A project I worked on in a past role used a document which provided terms and their definition to help everyone use consistent and unambiguous language. This began to get quite verbose, and let’s be honest, nobody is going to re-read the document before a meeting or quick conversation.

Learning to code - even if it’s mainly the basics, can therefore help you (and your colleagues) communicate better via a shared language.

With more precise and accurate terminology in your toolbelt, you could describe issues with better precision, suggest changes, avoid misunderstandings, and generally communicate more efficiently.

We’ve discussed the benefits of learning to code, however it’s not a one-sided argument and there are also some drawbacks to consider. Let's dig into those.

<Div> typographical image

Drawbacks of learning to code


Learning to code takes time - there is no shortcut, no easy way out and no way to just read a book and know how it's done.

There are a lot of courses out there that make big claims, like you'll learn to code in a week. Personally, I highly doubt these claims, because there is such a wide range of languages, devices and platforms in the coding world. If you do find a course that teaches you everything in a week though let me know, I’ll try to get a refund on my £40k degree.

For example, when making an Android app, you might use Java or maybe Kotlin. However on the web, you'd probably use HTML, CSS, and JavaScript or TypeScript or Python or PHP.

The best way to become good at coding is to constantly train yourself, like you would at a gym. A few days or weeks off and you're rusty again (believe me, I've had a few holidays and come back to coding like "what am I doing again?").

My point is: learning to code at any sort of helpful level will take a significant amount of time. As a designer, that time could be spent elsewhere.

For example, you could choose to improve your accessible design skills, ensuring any design you pass along is already meeting accessibility guidelines (like those by WCAG).

You could also learn how to use a prototyping tool instead, giving you the possibility to create complex interactions that help better convey your desired designs and ideas to developers. These interactions could take you far longer to mock up with your new coding skills.

So, there is an opportunity cost of learning to code. You are sacrificing weeks of time that could be dedicated to honing your skills in another way.

This isn't to say that you shouldn't learn to code. This is just highlighting that it's not the only thing to invest your time into in order to improve career prospects and team efficiency.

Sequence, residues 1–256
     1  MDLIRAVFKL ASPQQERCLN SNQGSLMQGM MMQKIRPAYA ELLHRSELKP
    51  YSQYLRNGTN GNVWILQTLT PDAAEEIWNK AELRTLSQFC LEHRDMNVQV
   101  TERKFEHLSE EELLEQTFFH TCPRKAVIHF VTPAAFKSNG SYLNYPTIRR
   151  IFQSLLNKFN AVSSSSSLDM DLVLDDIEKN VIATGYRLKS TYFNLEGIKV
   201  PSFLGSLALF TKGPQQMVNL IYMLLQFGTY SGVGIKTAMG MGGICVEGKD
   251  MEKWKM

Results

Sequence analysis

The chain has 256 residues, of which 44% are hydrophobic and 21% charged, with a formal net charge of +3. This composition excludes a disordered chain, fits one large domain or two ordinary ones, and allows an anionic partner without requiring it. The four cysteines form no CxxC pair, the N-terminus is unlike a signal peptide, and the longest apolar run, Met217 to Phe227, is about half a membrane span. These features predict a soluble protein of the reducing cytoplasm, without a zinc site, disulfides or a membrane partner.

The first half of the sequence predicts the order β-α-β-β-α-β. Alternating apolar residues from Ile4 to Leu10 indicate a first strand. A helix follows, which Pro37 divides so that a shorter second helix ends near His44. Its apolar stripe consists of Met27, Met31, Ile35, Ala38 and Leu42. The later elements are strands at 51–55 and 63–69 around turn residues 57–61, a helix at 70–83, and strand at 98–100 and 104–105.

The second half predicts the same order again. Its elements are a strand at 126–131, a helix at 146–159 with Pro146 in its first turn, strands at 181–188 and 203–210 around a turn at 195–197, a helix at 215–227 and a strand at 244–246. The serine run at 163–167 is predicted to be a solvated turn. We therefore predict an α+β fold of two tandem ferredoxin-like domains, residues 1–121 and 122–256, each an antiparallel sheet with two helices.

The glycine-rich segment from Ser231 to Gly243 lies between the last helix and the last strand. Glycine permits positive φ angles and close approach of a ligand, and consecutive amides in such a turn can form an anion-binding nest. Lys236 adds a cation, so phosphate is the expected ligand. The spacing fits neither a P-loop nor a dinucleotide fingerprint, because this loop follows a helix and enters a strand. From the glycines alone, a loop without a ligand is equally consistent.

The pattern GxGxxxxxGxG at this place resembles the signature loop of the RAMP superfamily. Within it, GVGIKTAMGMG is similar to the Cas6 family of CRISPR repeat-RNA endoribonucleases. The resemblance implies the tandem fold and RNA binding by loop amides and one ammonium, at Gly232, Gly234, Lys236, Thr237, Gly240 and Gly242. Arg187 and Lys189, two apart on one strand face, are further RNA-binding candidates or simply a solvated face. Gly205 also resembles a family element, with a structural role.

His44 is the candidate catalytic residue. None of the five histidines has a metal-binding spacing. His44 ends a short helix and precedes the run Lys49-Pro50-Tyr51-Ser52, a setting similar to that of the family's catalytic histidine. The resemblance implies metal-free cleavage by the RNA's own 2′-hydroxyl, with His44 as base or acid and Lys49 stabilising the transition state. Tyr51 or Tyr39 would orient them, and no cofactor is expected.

Learning to code at any sort of helpful level will take a significant amount of time. As a designer, that time could be spent elsewhere.

Thinking inside the div tag box

Often when I work with great designers, they produce experiences and interactions that I wouldn't have ever dreamt of, because they are coming at the problem with a clean slate and fresh ideas of how the problem can be solved.

However, when you learn to code, I believe you are coming at the problem already aware of some of the restrictions of your platform/language/device. As a result, the solutions you come up with are likely to be a little safer. This isn't always a bad thing - producing more sensible designs can save time, potentially be more usable and avoid disagreements between yourselves and the developer(s).

But sometimes you don't want sensible designs. You want something that's going to make the users say "wow!"

So before you jump into coding, remember to keep pushing the boundaries of your designed experiences too.

Two people working together

Respect the professions

Consider the Oxpeckers and the Zebras of this world. They live in symbiotic harmony because they work together.

Designers and developers should be no different.

Design is a real job. Development is a real job. Both provide crucial deliverables during each stage of the production process.

A great app can't exist without code, and it can't exist without great designs to base that code off of either.

The value you add to a team isn't defined by how much you can contribute in terms of lines of code. It's how much value you add while working together.

So, should you learn to code?

That's down to you.

If you really want to make things yourself, go for it, it's pretty fun after you get the hang of it.

If you just want to do it for better career prospects or because it's become trendy, consider which other options could take your current design skills to the next level first, as there may be a better opportunity out there.